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Hypokalemia

Hypokalemia is used to refer to low levels of potassium inthe blood. Potassium is an essential mineral which acts an electrolyte, enablingthe conduction of nerve impulses and muscle contractions including those of theheart. In addition it regulates the function of cell membranes and theactivity of enzymes. Hypokalemia occurs when the levels of potassium go below3.5 mM, the normal levels ranging from 3.5-5.0 mM.

Causes

Hypokalemia is most commonly brought on either by overall lack of potassium in the body which is usually a chronicdisorder; or it can be the result of muscle’ and organs’ sudden consumption ofpotassium from the blood which is usually temporary. Hypokalemia is often the side-effect of diuretics, which are used to eliminate excess amounts of water in conditions such as liveror kidney disease high blood pressure and congestive heart failure.

Diarrhea and vomiting, as a result of gastrointestinalinfections, can lead to dehydration and hypokalemia, which is another majorcause of this condition. Due to hypokalemia, the heart can stop beating, thus increasing the risk of fatal outcome especially in infants. Laxative abuse hasalso been associated with the appearance of chronic diarrhea, followed by thedrop of potassium levels. Vomiting interferes with the body’s acidity which makes thekidneys eliminate large quantities of potassium in order to restore thebalance.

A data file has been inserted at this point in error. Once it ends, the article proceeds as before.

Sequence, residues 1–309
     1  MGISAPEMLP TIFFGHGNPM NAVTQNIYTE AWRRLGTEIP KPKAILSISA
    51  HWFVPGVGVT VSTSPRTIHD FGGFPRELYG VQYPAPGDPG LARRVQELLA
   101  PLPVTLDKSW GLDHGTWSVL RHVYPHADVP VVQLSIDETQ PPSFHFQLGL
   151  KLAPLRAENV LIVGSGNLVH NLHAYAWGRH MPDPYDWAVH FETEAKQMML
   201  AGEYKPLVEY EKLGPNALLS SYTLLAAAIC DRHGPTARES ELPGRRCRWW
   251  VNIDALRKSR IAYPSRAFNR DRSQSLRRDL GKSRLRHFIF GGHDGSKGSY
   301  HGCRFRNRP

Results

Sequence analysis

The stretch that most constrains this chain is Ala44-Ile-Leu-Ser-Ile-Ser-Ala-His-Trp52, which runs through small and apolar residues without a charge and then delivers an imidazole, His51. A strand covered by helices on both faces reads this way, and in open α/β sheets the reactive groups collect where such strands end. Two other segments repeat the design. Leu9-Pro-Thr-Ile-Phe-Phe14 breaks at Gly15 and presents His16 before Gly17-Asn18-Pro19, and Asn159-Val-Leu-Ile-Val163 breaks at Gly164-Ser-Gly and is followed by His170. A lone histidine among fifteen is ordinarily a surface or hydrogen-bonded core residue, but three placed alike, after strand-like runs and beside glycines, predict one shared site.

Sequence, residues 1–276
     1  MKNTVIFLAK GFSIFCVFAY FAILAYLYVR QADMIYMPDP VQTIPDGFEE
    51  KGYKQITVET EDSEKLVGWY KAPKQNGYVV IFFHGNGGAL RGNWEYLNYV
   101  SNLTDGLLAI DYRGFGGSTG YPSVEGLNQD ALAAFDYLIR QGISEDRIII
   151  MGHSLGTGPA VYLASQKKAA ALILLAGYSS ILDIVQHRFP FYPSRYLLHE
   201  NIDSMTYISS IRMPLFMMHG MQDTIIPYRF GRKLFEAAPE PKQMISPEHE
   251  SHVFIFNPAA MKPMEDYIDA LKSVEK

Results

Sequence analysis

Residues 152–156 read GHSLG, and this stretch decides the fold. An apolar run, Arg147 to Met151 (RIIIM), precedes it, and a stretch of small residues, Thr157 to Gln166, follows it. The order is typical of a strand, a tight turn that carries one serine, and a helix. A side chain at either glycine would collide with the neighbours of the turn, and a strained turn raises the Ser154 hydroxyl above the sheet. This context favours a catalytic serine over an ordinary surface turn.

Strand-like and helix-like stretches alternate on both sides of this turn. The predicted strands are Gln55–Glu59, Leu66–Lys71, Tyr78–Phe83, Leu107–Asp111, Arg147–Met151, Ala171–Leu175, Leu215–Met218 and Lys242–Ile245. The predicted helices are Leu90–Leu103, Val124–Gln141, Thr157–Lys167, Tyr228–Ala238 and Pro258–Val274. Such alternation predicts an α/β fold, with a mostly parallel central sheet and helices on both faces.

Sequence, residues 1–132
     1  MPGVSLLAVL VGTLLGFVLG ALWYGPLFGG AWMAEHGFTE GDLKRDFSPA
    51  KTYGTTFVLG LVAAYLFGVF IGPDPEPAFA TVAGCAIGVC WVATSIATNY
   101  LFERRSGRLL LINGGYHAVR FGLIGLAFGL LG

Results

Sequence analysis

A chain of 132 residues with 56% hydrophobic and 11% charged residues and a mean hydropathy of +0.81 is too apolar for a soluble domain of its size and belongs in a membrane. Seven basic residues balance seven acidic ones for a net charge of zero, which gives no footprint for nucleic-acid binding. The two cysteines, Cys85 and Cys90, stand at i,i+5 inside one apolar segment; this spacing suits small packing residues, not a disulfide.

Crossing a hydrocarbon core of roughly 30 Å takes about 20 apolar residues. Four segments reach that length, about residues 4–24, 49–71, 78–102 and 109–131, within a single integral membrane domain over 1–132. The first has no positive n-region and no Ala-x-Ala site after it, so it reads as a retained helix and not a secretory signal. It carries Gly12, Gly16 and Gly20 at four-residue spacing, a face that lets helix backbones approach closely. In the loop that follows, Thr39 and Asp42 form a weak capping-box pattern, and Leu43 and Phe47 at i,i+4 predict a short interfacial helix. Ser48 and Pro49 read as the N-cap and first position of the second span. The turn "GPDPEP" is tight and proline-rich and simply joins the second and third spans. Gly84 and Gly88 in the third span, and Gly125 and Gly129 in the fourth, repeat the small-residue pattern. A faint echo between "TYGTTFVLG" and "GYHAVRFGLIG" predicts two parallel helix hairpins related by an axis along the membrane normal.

Fasting and starvation continued over a long period of timecomprise the third major cause of hypokalemia. As a result of starvation, the bodystarts breaking down protein from muscle in order to transform it into energy, whichcauses the levels of potassium to decrease. However, an unbalanced diet doesnot lead to hypokalemia as potassium is obtained from fruits, vegetables, meat,milk and cheese. There have been cases of hypokalemia caused by alcoholism asa result of vomiting, diarrhea or malnutrition.

Symptoms and complications

A person whose potassium levels drop can feel thirsty, constipatedand pass large amounts of urine. In diabetics, the levels of blood sugar rise in cases ofhypokalemia, as the condition affects the release of insulin. Fatigue, muscular cramps, pain and weakness are the mostcommon muscular complications. Moreover, the body can begin to break the muscledown which is known as rhabdomyolysis. Rarely, leg or armparalysis can occur.

Hypokalemia affects the heart in the sense that it leads tocardiac dysrythmias (irregular heartbeats). In cases of severe dysrythmias,cardiac arrest or lung paralysis may occur. Small children can also experiencecardiac arrest as a result of prolonged vomiting and diarrhea. Tachycardia, anunusually fast heartbeat is another cardiac complication of hypokalemia. Metabolic acidosis, the conditions of raised acidity ofbodily fluids, renal cystic disease, hepatic encephalopathy and respiratoryacidosis are other possible complications of hypokalemia.

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